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Former Enemies Vietnam, US Exchange High Level Visits

  • Kay Johnson

Vietnam's prime minister will visit the United States next month, the highest-ranking Vietnamese official to go to there since the end of the Vietnam War. The announcement in Hanoi by a visiting U.S. official came as Washington said it would not impose sanctions on Vietnam over religious freedom.

U.S. Deputy Secretary of State Robert Zoellick's visit to Hanoi, 30 years after the end of the Vietnam War, brought two pieces of good news for relations between the former enemies.

He extended an official invitation to Prime Minister Phan Van Khai to meet President Bush in Washington on June 21. The State Department meanwhile announced a new agreement with Vietnam that will head off possible sanctions on religious issues.

Mr. Zoellick said Mr. Khai's visit would have special resonance, coming near the 10th anniversary of the establishment of diplomatic relations between the two nations.

"It's a wonderful opportunity in the 10th year of normalization to have the prime minister visit and to review the topics that we discussed today, but also, importantly, to look to the future," he said.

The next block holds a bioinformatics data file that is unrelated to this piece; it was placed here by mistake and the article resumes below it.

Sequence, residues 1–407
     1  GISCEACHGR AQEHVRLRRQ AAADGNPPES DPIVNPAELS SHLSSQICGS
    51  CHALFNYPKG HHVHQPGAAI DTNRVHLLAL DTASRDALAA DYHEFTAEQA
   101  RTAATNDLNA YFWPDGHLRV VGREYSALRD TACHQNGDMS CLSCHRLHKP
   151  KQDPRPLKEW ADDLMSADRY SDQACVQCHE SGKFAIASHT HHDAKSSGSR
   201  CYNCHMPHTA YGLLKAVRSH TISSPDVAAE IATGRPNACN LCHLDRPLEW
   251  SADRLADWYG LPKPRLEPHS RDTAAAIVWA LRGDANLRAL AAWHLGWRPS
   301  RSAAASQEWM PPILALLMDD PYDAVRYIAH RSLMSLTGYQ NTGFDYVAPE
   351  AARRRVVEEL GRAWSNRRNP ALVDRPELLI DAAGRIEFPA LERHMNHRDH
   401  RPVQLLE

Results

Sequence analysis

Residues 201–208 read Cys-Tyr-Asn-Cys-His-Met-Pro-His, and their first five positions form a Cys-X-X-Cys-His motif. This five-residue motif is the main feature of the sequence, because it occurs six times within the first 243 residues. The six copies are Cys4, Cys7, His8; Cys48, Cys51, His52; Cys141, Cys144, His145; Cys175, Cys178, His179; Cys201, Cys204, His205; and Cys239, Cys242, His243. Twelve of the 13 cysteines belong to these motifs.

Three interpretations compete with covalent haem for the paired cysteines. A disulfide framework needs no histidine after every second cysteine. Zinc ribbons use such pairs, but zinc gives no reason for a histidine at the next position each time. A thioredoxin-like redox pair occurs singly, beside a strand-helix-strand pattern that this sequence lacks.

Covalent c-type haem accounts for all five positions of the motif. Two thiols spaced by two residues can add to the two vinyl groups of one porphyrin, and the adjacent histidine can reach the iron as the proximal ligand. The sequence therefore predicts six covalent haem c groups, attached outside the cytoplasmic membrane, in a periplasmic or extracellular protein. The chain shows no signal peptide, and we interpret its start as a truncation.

U.S. Deputy Secretary of State Robert B. Zoellick, right
Mr. Zoellick reiterated U.S. support for Vietnam's entry into the World Trade Organization, but said there is much work to be done if Hanoi hopes to join this year.

At least 89 Vietnamese laws will have to be amended to comply with WTO rules, and Vietnam must conclude bilateral agreements with all existing members, including the United States.

Mr. Zoellick said American negotiators will hold a new round of bilateral trade negotiations with Vietnam later this month. The United States is now Vietnam's single biggest export market, with some four billion dollars in trade between the two countries.

He also praised Vietnam's steps to improve religious freedom, which have been a major sticking point in diplomatic relations.

The State Department last September placed Vietnam on a blacklist of "countries of particular concern" over religious freedom. The U.S. government is required by law to consider economic sanctions against countries on the list, which also includes North Korea, Burma and Iran.

Since then, however, Hanoi has passed a new law on religion that outlines how illegal Protestant and Buddhist churches might gain official status. It has also agreed to reopen some churches that had been closed, and to stop forcing people to renounce their faith.

Mr. Zoellick said those moves could pave the way to removing Vietnam from the blacklist in the future.

"We consider the steps that the government has taken to be very positive, and we see this as a good trend," he said.

The only country ever removed from the religious freedoms blacklist was Iraq, following the U.S. invasion in 2003. It is unclear when Vietnam might get off the list, but the new agreement will give President Bush and Prime Minister Khai something positive to talk about when they meet next month.